Written by Photography

This Is War! Robert Capa At Work

There’s a fabulous new exhibition of the work of celebrated war photographer Robert Capa currently on display at The Barbican.
It features, in detail, several key events that Capa covered from the Spanish Civil War through D-Day to the end of the war. Alongside Capa’s work, we also have that of his partner, Gerda Taro, who shot alongside Capa much of the time.
It’s wonderful to see some of the most famous photos of the twentieth century placed in context. So the famous shot of a man being shot and killed in Spain, is surrounded by the shots Capa took before and after it. For some reason, a few people came to question its veracity, but putting it alongside every other photograph that Capa and Taro took that day, makes it clear that it was a horrible accident that Capa caught the moment of the Republican soldier’s death.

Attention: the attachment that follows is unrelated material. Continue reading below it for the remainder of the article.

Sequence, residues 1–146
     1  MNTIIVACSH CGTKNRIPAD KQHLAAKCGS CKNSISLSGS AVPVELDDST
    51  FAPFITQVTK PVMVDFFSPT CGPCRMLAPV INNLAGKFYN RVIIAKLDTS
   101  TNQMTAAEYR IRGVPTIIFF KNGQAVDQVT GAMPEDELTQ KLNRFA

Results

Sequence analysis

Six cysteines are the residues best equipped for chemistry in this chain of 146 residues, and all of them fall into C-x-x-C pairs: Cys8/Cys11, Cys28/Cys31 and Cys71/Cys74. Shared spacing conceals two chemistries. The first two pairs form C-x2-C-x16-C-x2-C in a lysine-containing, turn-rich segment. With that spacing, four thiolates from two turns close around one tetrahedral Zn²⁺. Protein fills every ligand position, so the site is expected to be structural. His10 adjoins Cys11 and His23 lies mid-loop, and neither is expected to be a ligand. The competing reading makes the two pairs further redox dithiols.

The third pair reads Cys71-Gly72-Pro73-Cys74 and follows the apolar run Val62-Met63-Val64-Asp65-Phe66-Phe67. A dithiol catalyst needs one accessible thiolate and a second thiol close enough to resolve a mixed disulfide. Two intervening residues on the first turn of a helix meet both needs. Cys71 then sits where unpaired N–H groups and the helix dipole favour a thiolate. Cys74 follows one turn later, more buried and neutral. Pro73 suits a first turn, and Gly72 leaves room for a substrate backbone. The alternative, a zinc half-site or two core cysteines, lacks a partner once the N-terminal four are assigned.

Incidentally, like many others, I thought that the photo showed the man’s brains or skull being blown off, but that’s actually a tassle on his cap that we see (I say “we” – but of course the photo’s not mine to reproduce here. You can see a smaller representation at the Barbican’s website in the top right hand corner, or here at the International Center of Photography).
The other standout images are those that Capa took on D-Day where he accompanied the US troops on Omaha beach. An accident when the rolls of film were being rush developed in London following Capa’s return means that we have very few of the photographs Capa took left, and what we do have are not as good as they might be. But they still bring home the horror of war, and they obviously informed Steven Spielberg when he made Saving Private Ryan.